This uncertainty creates risk. If we overestimate the biomass of the population, and fishery managers set too high a catch target based on that estimate, then we will overfish the stock. Because hake tend to bide their time, waiting for just the right combination of environmental conditions before producing a big year class, it can be a long time before the population recovers. Until it does, fishermen will be stuck with lower catch limits and the resulting economic consequences.
To help reduce this risk, when NOAA Fisheries publishes a biomass estimate for a fish stock, we also specify the degree of uncertainty around that estimate. This allows the local fishery managers who set the catch target to adjust for uncertainty. When uncertainty is high, they can bring the catch targets down as a precaution. On the other hand, when uncertainty is low, they can confidently set catch targets closer to the biological maximum without increasing their risk.
Fishery managers must choose how much risk to assume, and in the media this process is often portrayed as a contest between overly cautious scientists and fishermen who want to catch as much as possible. But in fact, both are invested in the long-term sustainability of fish populations. And as the case of the off-year hake survey demonstrates, managing risk and uncertainty requires collaboration between scientists and the industry.
Mike Okoniewski, an operations manager for Pacific Seafood, was a driving force behind the collaborative hake survey. "The scientists are more academic,” he said, “and we're more practical as we do our jobs
on the ocean. But we've both got skin in the game, and there's
a lot to be gained by bringing these two sides together."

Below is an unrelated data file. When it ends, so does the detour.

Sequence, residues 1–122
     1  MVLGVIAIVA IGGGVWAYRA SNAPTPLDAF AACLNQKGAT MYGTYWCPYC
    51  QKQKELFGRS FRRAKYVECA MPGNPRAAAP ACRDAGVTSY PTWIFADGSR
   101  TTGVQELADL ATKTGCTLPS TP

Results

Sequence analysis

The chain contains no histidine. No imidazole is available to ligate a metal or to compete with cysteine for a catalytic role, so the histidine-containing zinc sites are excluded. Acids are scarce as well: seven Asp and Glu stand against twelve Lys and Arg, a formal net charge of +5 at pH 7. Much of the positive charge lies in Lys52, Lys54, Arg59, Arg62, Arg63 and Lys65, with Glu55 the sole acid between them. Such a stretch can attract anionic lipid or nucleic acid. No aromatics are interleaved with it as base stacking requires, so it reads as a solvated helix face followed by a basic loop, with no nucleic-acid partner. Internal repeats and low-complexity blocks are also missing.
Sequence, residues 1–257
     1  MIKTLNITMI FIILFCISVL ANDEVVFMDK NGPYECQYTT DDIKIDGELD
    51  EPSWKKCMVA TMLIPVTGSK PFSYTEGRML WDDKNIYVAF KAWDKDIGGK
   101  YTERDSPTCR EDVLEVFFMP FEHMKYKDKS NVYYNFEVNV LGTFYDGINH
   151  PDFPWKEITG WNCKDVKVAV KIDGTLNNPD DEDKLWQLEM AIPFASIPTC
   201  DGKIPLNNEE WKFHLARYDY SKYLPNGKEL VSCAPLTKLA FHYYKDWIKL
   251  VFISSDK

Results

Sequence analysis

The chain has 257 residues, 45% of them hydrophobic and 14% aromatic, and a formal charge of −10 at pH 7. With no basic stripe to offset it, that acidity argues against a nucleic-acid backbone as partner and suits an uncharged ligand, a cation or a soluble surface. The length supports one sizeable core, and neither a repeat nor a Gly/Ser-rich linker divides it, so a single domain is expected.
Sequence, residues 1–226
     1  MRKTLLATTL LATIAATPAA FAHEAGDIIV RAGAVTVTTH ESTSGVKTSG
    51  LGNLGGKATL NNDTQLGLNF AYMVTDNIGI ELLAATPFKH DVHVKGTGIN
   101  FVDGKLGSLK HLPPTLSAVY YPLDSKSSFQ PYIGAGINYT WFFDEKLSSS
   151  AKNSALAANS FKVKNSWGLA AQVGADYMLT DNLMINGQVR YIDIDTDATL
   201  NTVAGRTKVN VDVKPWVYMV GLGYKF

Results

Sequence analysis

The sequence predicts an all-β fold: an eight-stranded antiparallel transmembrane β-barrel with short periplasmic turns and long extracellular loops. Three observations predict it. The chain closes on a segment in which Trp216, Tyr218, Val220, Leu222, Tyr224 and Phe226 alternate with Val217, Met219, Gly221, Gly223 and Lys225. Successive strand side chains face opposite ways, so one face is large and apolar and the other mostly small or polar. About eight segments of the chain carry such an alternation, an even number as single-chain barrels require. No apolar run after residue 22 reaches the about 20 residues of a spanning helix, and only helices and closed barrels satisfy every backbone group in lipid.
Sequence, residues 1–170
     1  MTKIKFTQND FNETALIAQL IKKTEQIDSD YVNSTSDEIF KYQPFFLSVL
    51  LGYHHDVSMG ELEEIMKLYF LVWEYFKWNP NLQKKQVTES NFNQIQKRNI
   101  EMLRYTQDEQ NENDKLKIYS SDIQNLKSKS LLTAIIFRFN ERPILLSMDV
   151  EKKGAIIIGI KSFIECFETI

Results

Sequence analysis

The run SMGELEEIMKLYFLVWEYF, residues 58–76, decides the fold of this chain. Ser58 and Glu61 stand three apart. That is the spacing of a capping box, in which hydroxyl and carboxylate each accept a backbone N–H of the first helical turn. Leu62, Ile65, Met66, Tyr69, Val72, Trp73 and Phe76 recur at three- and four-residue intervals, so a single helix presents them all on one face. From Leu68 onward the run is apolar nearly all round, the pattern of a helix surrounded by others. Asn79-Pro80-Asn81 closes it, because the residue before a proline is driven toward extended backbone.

And the Survey Says…
The numbers are now in, and it looks like the low 2011 biomass estimate was mostly accurate. It appeared low, however, in part because of an overly high estimate in 2009. It also didn’t include the 2010 year class because the survey technology can’t reliably register fish that young. NOAA scientists are continuing to develop cutting edge sonar technology that will allow them to estimate the strength of incoming year classes as one year olds.
At the same time, hake fishermen were right in thinking that the population was about to take off. In the off-year hake survey, the two-year-olds from the 2010 year class accounted for more than half the total biomass of the population. Since that year class has been surveyed only one so far, there is still a lot of uncertainty around that estimate. But the uncertainty is about whether the 2010 year class is big, or very big. Either way, it looks like fishermen will be living off it for years to come.
The catch target for Pacific hake this year will be 365,112 metric tons, shared between the U.S. and Canada. That’s a 45 percent increase over the year before, which is about where the target likely would have stayed without the extra survey.
NOAA and the fishing industry hope that Pacific hake will be surveyed annually from now on, though it’s unclear if the necessary funding will be available.